The End of Windows 10

Blog / The End of Windows 10

Are you ready for Windows 11?

On October 14, 2025, Windows 10 will reach its End-of-Life (EoL). To be fair, that doesn’t sound troubling since it’s well over a year away still. But perhaps a better way to phrase the statement, at least when it comes to your computer fleet’s OS, would be to say that Windows 10 now has less than a year and a half before its EoL. Beyond then, further security updates will only be available if you pay for extended support, for which Microsoft has now published the official pricing guide.

Developers retiring previous versions of their software is nothing new. Microsoft offered extended security updates back when Windows 7 was retired, and even the costs are similar (with a marked exception for educational institutions).  However, that’s where the similarities end, and the situation is notably different this time.

That difference is one of hardware. Previously, at least as far as the technical issues go, the biggest difference between versions was the amount of storage required. So although Windows 10 was an entirely new version of Microsoft’s flagship OS, and even though it required more computer resources than its predecessor, you could still run it, albeit slower, with the same machines. That meant you could upgrade to Windows 10 first, then update your hardware if necessary.

Unfortunately there’s a fairly major difference this time.

Windows 11 and the Trust Platform Module (TPM)

That difference is the Trust Platform Module (TPM), a microcontroller (microchip) that secures hardware via cryptographic keys integrated into it. It’s also the international standard for secure crypto processors. Used with features like Bitlocker, which encrypts your hard drive, TPMs are included on newer model CPUs, but not older ones, which is where the trouble arises; older computers without a TPM simply can’t use Windows 11 even if they meet all other system requirements. In worst case scenarios, depending on the model and even if you purchased them recently, you may need to replace your machines entirely to use Windows 11.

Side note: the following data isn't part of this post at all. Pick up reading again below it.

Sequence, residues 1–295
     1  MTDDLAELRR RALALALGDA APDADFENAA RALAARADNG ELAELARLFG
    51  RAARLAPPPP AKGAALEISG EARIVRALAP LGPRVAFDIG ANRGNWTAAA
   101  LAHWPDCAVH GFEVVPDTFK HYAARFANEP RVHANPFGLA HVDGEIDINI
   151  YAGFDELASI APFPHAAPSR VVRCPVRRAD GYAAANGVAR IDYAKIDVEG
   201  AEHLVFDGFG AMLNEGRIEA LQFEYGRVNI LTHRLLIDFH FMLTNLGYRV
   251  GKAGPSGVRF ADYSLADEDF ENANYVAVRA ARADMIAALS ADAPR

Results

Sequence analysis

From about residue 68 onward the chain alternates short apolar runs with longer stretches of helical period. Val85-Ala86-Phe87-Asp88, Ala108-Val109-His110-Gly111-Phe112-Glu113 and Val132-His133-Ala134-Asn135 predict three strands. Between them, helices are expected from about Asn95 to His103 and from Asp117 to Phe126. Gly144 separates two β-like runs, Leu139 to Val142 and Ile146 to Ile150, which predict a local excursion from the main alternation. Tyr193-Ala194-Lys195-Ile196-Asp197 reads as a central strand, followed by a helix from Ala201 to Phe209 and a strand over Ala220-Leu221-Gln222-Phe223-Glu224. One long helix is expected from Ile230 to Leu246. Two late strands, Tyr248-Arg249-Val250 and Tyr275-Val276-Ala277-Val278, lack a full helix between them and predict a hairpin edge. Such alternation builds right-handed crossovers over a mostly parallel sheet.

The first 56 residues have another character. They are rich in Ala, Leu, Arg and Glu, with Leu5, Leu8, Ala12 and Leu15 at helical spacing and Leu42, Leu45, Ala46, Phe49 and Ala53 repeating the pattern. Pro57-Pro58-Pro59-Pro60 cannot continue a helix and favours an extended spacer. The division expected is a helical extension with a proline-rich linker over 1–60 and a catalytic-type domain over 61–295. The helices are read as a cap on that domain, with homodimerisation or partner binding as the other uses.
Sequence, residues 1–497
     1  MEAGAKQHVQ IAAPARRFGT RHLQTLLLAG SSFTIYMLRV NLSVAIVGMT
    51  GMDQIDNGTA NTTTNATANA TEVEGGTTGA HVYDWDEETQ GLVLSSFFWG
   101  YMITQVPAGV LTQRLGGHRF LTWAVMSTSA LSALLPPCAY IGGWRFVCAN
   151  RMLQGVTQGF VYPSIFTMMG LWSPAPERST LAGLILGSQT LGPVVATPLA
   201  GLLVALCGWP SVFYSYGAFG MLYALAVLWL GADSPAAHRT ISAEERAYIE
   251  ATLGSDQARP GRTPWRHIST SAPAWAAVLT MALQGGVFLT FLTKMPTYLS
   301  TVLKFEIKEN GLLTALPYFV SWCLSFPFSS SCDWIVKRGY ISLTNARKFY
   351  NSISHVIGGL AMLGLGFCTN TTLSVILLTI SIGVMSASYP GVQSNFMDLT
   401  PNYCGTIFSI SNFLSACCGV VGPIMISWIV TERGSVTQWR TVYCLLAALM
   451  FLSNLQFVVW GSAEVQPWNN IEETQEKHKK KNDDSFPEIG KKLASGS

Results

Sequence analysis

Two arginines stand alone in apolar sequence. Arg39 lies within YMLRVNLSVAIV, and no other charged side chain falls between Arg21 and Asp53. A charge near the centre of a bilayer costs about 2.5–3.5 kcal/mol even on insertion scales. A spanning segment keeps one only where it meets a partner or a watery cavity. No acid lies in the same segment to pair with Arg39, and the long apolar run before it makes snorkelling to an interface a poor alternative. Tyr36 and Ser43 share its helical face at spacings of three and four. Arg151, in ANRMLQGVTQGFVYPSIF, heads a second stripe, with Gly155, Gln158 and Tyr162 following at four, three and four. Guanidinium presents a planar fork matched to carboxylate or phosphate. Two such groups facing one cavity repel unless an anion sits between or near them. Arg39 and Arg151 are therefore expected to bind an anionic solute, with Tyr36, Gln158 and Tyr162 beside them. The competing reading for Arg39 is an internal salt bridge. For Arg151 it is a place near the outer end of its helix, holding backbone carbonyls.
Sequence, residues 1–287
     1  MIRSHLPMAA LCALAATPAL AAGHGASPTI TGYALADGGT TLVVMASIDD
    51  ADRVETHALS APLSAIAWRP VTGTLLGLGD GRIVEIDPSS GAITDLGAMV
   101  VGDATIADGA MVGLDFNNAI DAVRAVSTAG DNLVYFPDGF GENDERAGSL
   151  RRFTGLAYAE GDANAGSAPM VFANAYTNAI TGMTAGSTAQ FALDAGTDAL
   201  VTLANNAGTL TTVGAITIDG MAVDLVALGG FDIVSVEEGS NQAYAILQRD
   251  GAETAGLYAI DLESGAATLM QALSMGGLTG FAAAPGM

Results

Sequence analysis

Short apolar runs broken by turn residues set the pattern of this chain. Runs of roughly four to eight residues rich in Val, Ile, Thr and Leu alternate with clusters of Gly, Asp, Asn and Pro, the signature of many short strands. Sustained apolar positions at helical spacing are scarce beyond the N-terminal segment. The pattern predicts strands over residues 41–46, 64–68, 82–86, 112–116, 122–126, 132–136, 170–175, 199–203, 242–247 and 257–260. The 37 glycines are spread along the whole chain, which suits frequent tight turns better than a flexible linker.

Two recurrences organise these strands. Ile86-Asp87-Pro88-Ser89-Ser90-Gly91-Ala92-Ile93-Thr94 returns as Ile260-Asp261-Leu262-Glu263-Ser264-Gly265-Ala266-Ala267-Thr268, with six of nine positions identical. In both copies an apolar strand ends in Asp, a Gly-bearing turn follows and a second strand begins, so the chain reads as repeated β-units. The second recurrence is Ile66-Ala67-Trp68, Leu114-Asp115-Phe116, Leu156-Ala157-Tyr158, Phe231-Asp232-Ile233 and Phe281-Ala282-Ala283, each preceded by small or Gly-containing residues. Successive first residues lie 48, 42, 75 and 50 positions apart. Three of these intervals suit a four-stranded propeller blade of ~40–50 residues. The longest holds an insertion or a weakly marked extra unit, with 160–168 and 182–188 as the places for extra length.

Take into consideration how much time is required for a detailed inventory of a fleet of PCs to determine which ones will need to be replaced, followed by delivery, installation, and configuration for each one, and you can see why a year and a half’s worth of lead time isn’t nearly as long as you might think. Furthermore, as October 14, 2025 draws ever closer, the rate of uptake among clients will likely increase substantially, and thus limit the availability of technicians. In other words, wait too long and you could find yourself stuck between operating systems, paying for Windows 10 support while waiting for the hardware and technician time needed to transition to Windows 11. The price tag may wind up being a lot higher than simply upgrading your operating system in advance.

If you’d like to discuss the Windows 11 update and how it may impact your organization, contact a TRINUS technician, and get yourself some stress-free IT.

This quote comes from Hamlet, “My necessaries are embark’d: farewell.”

Be kind to one another, courtesy your friendly neighbourhood cyber-man.

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